Robin Round, owner of the Valley’s Botanical Bliss Products, said the province’s decision to bar vendors selling non-food products from outdoor markets as a safety precaution during the COVID-19 pandemic is crushing her business, and others as well. (Robert Barron/Citizen)

Robin Round, owner of the Valley’s Botanical Bliss Products, said the province’s decision to bar vendors selling non-food products from outdoor markets as a safety precaution during the COVID-19 pandemic is crushing her business, and others as well. (Robert Barron/Citizen)

Non-food vendors ‘destroyed’ by banishment from B.C. farmers’ markets

‘They are…discriminating against the smallest of B.C. businesses under the guise of protecting us’

Artists, artisans and other non-food producing vendors are crying foul over the province’s decision on Dec. 2 to bar them from all farmers’ markets in B.C. as a safety measure during the ongoing spike in cases of COVID-19.

Many rely on the markets for much of their annual income, with Christmas being their busiest season.

Robin Round, president and owner of the Cowichan Valley’s Botanical Bliss Products that sells soap, hand sanitizer, disinfectant spray, immune system tonics, and personal health-care products, said that while she depends on online and other sales, the Duncan Farmers’ Market alone accounts for 40 per cent of her annual sales in a normal year, and has been far more this year.

“For December 2020, the Duncan Market represents closer to 80 per cent of my income as all other markets and shows are shut, and people stop ordering online in mid-December for fear of not receiving items before Christmas,” she said.

She said members of the BC Farmer’s Market Association have been vigilant in meeting COVID-19 safety requirements at all times, and all businesses who attend the market are compliant.

RELATED STORY: B.C. STRUGGLES WITH LOCAL FOOD PRODUCTION IN COVID-19 PANDEMIC

“How and why they can single out small businesses in B.C. as a target for shutdown at the most critical point in the retail calendar, when all are compliant with their requirements, is beyond my comprehension,” Round said.

Round said her business is suddenly considered non-essential, but it sells many of the same types of products as Shopper’s Drug Mart, Superstore, Thrifty’s, London Drugs, Costco and many other large retail outlets, and most of these stores are currently packed with shoppers, some elbow to elbow.

“What they are doing is discriminating against the smallest of B.C. businesses under the guise of protecting us from COVID-19,” she said.

“They are not protecting us, they are destroying us. My business is incorporated in B.C. and is my full-time vocation that pays all my living expenses, including my mortgage. My business supports local bookkeepers, accountants, lawyers, graphic designers and printers, so these actions have a much broader impact than just a number of vendors at a market.”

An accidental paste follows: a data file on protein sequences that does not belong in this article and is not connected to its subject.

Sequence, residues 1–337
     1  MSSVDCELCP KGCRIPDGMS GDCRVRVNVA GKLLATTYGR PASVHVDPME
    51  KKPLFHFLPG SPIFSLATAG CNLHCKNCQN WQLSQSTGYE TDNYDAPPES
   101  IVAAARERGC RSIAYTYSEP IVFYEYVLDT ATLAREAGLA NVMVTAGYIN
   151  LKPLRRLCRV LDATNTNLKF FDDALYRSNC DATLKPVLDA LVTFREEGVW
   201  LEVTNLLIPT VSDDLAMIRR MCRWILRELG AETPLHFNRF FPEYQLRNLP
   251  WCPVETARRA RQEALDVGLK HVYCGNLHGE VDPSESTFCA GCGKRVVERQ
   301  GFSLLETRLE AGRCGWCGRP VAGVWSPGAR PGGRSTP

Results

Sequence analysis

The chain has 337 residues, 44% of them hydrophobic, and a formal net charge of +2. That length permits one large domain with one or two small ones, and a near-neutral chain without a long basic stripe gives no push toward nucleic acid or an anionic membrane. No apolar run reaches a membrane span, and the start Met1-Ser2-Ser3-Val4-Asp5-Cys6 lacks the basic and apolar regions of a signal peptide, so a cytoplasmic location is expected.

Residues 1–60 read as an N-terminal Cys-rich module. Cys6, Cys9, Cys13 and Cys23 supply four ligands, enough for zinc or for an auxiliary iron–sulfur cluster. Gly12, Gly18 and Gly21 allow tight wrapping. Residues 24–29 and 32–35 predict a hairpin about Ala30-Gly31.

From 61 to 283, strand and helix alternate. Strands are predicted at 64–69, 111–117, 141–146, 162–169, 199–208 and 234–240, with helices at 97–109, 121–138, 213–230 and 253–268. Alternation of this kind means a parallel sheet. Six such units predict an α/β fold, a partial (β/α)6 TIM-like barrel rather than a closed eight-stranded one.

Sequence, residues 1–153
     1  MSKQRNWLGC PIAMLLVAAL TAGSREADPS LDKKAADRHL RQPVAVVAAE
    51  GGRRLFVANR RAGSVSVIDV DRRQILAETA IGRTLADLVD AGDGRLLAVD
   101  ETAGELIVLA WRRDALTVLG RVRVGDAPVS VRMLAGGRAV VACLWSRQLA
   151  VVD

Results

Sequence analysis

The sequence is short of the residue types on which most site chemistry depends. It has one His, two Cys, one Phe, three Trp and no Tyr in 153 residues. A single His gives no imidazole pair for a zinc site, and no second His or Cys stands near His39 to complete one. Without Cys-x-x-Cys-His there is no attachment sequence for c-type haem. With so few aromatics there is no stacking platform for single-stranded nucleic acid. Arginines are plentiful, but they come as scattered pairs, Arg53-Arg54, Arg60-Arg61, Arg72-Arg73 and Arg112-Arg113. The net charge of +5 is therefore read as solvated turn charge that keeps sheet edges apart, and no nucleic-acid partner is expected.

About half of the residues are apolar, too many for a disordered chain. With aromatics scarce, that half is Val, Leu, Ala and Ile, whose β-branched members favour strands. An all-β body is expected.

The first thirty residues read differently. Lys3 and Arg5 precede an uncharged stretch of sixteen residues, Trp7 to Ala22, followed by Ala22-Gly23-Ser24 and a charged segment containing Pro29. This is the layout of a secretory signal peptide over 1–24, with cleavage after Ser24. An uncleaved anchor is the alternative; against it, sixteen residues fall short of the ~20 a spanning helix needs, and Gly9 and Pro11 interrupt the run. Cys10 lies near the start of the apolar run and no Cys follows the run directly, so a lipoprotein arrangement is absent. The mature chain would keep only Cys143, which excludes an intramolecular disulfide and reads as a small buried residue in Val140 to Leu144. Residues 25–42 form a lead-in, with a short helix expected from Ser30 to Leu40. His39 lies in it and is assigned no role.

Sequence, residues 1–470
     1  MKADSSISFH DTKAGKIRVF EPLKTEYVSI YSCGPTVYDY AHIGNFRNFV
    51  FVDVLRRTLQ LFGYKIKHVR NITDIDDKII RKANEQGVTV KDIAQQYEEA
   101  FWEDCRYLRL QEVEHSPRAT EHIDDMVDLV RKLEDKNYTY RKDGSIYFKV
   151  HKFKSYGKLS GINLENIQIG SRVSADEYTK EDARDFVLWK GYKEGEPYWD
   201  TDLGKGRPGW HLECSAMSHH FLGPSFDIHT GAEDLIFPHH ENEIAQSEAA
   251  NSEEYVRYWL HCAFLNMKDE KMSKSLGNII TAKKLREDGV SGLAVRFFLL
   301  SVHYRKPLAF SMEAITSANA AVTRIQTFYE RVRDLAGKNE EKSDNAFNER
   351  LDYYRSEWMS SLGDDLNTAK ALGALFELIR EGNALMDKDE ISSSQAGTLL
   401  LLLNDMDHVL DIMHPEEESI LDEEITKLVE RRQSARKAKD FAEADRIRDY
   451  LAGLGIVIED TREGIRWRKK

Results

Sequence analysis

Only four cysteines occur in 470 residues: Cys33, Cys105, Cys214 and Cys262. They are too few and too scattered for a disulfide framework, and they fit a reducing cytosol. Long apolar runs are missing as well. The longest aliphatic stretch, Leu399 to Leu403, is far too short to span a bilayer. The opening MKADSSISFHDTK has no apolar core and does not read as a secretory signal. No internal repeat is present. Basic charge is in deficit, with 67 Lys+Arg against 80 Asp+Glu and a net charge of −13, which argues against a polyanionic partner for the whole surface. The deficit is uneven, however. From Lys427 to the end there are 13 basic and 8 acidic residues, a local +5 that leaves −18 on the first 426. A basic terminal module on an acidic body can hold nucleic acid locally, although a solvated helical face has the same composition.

RELATED STORY: B.C. RECORDS 619 NEW COVID CASES, 16 DEATHS AS B.C. UNVEILS VACCINE PLANS

Joe Fortin, a wood carver who relies on farmers’ markets for sales in the critical Christmas and summer seasons, said being shut out of the markets at this time of year puts all vendors who are not food producing into an extremely stressful position.

“Sales during the Christmas season keep vendors like me going until April or May when the tourist season begins,” he said. “If not for government handouts during the pandemic, I’d be in foreclosure right now and now Christmas is looking extremely bleak.”

Fortin said he recently walked through a crowded department store and found only half the people wearing masks, and the air was stale with no movement.

“I then went for a walk down my farmers’ market in Duncan and the air was clean and fresh and everybody was being mindful of each other,” he said.

“If they have to put down restrictions, they should think about where they put them. We are not great big hording crowds. We are mindful people in open-air markets.”

RELATED STORY: FARMERS MARKET BACK ON AFTER CONSULTATION WITH HEALTH OFFICIALS

Both Round and Fortin sent letters expressing their concerns to multiple government officials, including Green Party leader Sonia Furstenau, their Cowichan Valley MLA.

Furstenau said the Duncan Farmers’ Market, and other outdoor markets she’s attended, have very effective health procedures in place to help deal with COVID-19 and keep vendors and customers safe.

“I think they are doing a great job and I wrote a letter to [Health Minister] Adrian Dix asking him to work with [Provincial Health Officer] Dr. Bonnie Henry and reconsider this decision,” she said.

“Personally, I prefer shopping outdoors, especially at a time like this, and these markets support local arts and other businesses. I recognize that Adrian Dix and Dr. Henry have to make many complex decisions, but there’s always opportunities to reflect on how to do things better.”